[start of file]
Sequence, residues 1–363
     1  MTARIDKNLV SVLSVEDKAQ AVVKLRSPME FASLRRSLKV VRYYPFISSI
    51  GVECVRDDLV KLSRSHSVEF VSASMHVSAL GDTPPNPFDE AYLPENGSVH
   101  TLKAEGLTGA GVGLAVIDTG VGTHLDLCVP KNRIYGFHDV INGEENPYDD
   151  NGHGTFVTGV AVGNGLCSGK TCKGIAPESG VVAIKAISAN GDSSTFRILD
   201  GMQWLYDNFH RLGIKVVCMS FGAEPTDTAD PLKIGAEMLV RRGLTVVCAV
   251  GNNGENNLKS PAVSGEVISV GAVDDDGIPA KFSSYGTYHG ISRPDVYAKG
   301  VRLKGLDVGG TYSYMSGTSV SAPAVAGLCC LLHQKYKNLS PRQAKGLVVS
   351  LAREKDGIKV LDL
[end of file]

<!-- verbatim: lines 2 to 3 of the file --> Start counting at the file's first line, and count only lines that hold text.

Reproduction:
     1  MTARIDKNLV SVLSVEDKAQ AVVKLRSPME FASLRRSLKV VRYYPFISSI
    51  GVECVRDDLV KLSRSHSVEF VSASMHVSAL GDTPPNPFDE AYLPENGSVH